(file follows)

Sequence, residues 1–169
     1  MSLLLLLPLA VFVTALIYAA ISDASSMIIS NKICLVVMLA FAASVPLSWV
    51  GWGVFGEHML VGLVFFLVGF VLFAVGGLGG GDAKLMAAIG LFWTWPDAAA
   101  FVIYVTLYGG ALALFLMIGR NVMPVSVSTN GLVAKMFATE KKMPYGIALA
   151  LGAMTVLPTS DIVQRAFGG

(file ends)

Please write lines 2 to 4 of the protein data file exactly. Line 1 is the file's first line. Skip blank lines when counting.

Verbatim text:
     1  MSLLLLLPLA VFVTALIYAA ISDASSMIIS NKICLVVMLA FAASVPLSWV
    51  GWGVFGEHML VGLVFFLVGF VLFAVGGLGG GDAKLMAAIG LFWTWPDAAA
   101  FVIYVTLYGG ALALFLMIGR NVMPVSVSTN GLVAKMFATE KKMPYGIALA